We Wear Orange Because Children in Residential Schools Could Not – FNHA

Sep 21, 2023

The end of September is highly important to First Nations people in Canada, as we observe Orange Shirt Day and remember the horrific legacy of residential schools. Started in 2013 in Williams Lake, BC, Orange Shirt Day on Sept. 30 has grown over the past 10 years to signify resilience, strength and healing for survivors and their families. It is also a reminder to all Canadians to learn about this history and the truth so it is never repeated.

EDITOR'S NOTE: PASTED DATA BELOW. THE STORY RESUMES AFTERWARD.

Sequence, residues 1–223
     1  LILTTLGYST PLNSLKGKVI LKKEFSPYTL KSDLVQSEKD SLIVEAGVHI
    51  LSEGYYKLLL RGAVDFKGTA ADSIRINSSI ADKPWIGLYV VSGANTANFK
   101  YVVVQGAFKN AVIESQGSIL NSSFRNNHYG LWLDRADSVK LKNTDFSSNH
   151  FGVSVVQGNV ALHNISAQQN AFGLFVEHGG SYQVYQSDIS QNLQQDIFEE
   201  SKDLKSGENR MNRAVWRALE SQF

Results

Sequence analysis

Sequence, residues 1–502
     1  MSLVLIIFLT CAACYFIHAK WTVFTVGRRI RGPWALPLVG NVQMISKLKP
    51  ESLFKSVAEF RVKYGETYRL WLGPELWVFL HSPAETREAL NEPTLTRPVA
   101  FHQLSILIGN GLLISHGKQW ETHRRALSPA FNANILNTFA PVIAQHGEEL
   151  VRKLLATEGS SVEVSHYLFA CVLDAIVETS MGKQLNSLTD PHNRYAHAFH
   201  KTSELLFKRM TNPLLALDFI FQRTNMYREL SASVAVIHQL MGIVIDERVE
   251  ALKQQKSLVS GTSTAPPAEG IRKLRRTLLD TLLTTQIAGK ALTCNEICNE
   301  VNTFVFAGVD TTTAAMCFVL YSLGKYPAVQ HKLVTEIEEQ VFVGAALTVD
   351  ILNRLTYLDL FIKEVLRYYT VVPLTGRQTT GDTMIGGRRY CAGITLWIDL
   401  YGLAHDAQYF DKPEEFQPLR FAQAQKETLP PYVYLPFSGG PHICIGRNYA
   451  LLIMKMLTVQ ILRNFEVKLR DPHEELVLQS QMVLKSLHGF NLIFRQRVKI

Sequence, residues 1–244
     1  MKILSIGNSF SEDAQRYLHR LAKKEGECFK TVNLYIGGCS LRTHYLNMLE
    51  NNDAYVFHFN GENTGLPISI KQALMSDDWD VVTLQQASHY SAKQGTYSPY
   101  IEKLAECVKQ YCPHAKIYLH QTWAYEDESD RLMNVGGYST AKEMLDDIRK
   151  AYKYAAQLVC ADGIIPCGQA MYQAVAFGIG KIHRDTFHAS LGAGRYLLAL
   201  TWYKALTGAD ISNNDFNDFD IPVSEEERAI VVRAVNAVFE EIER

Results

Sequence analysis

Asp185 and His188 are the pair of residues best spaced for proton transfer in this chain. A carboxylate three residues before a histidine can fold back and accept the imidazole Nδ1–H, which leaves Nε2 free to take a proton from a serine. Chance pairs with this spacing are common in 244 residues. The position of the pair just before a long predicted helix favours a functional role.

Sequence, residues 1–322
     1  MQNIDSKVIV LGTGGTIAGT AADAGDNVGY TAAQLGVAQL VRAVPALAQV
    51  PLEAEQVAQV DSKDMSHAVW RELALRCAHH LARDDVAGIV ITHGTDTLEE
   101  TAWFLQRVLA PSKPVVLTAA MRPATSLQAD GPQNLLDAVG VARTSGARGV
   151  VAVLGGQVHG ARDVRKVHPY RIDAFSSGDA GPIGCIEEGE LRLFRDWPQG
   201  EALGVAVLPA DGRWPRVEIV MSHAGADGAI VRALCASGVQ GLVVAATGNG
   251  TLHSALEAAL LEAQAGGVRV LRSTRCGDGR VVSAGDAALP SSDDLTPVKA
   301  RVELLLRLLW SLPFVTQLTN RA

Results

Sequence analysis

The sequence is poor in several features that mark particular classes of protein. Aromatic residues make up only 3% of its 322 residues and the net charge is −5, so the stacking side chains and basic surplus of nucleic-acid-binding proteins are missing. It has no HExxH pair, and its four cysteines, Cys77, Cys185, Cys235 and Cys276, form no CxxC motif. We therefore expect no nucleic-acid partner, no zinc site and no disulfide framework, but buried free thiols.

Since the discovery of unmarked graves on the site of former residential schools throughout Canada, the orange shirt has become a colour that is often worn at any time of year to signify the ongoing and intergenerational traumas caused by Canada.

But why orange? Why was this colour chosen to represent this story?

The story begins in 1973 with Phyllis Webstad of Northern Secwpemc (Shuswap) from the Stswecem’c Xgat’tem First Nation (Canoe Creek Indian Band). She had just turned six years old and was living with her grandmother on the Dog Creek reserve.

Read More: https://www.fnha.ca/about/news-and-events/news/we-wear-orange-because-children-in-residential-schools-could-not

NationTalk Partners & Sponsors Learn More